- San Francisco Supervisor David Campos
Those dispensaries that go through the permitting process or otherwise comply with local ordinances tend, by their very nature, to be those most interested in meeting community standards and being good neighbors. Many local officials surveyed by ASA said dispensaries operating in their communities have presented no problems, or what problems there may have been significantly diminished once an ordinance or other regulation was instituted.
Several officials said that regulatory ordinances had significantly improved relations with other businesses and the community at large. An Oakland city council staff member noted that prior to adopting a local ordinance, the city had received reports of break-ins. However, the council staff member said that with the adoption of Oakland's dispensary ordinance, "That kind of activity has stopped. That danger has been eliminated." Assistant City Administrator Arturo Sanchez, a nuisance enforcement officer, affirmed that since 2004 he has "never received a nuisance complaint concerning lawfully established medical marijuana dispensaries in Oakland...[or] had to initiate an enforcement action."
The absence of any connection between dispensaries and increased local crime can be seen in data from Los Angeles and San Diego. During the two-year period from 2008 to 2010 in which Los Angeles saw the proliferation of more than 500 dispensaries, the overall crime rate in the city dropped considerably. A study commissioned by Los Angeles Police Chief Charlie Beck, comparing the number of crimes in 2009 at the city's banks and medical marijuana dispensaries, found that 71 robberies had occurred at the more than 350 banks in the city, compared to 47 robberies at the more than 500 medical marijuana facilities. Chief Beck observed that, "banks are more likely to get robbed than medical marijuana dispensaries," and that the claim that dispensaries attract crime "doesn't really bear out." In San Diego, where some officials have made similar allegations about increased crime associated with dispensaries, an examination of city police reports by a local paper, the San Diego CityBeat, found that as of late 2009 the number of crimes in areas with dispensaries was frequently lower than it was before the dispensary opened or, at worst, stayed the same.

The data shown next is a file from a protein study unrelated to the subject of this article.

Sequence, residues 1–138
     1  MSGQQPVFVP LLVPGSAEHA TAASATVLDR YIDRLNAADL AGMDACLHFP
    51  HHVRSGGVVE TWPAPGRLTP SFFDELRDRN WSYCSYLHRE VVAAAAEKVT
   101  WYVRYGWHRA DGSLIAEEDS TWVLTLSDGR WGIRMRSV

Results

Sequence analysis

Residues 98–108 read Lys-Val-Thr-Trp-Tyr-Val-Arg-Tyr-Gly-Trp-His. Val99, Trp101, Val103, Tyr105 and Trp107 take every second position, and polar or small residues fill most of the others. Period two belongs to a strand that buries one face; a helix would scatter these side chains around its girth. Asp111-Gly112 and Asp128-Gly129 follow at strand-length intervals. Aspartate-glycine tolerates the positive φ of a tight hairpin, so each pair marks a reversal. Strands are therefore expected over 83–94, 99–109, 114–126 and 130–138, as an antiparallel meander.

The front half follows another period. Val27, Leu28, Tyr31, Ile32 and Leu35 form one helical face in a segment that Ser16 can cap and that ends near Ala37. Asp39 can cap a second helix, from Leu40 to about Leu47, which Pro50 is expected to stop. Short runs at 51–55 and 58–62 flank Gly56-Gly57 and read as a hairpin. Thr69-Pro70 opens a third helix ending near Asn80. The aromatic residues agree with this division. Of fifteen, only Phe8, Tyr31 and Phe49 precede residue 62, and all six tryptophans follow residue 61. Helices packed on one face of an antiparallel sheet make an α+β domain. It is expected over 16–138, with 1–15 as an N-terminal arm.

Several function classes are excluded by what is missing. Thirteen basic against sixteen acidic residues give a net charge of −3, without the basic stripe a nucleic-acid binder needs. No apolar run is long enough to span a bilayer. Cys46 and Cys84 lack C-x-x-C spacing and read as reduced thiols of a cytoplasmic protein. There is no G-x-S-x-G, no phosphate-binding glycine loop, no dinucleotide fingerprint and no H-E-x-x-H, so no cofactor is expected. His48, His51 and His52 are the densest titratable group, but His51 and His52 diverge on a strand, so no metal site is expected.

One of the concerns of public officials is that dispensaries make possible or even encourage the resale of cannabis on the street. But the experience of those cities that have instituted ordinances is that such problems, which are rare in the first place, quickly disappear. In addition to being monitored by law enforcement, dispensaries universally have strict rules about how members are to behave in and around the facility. Many have "good neighbor" trainings for their members that emphasize sensitivity to the concerns of neighbors, and all dispensaries absolutely prohibit the resale of cannabis. Anyone violating that prohibition is typically banned from any further contact with the dispensary.
As Oakland's city administrator for the regulatory ordinance explains, "dispensaries themselves have been very good at self policing against resale because they understand they can lose their permit if their patients resell."
In the event of an illegal resale, local law enforcement has at its disposal all of the many legal penalties provided by the state. This all adds up to a safer street environment with fewer drug-related problems than before dispensary operations were permitted in the area. The experience of the City of Oakland is a good example of this phenomenon. The city's legislative analyst, Lupe Schoenberger, stated that, "...[P]eople feel safer when they're walking down the street. The level of marijuana street sales has significantly reduced."
"The areas around the dispensaries may be some of the most safest areas of Oakland now because of the level of security, surveillance, etc. since the ordinance passed."
- Barbara Killey, Oakland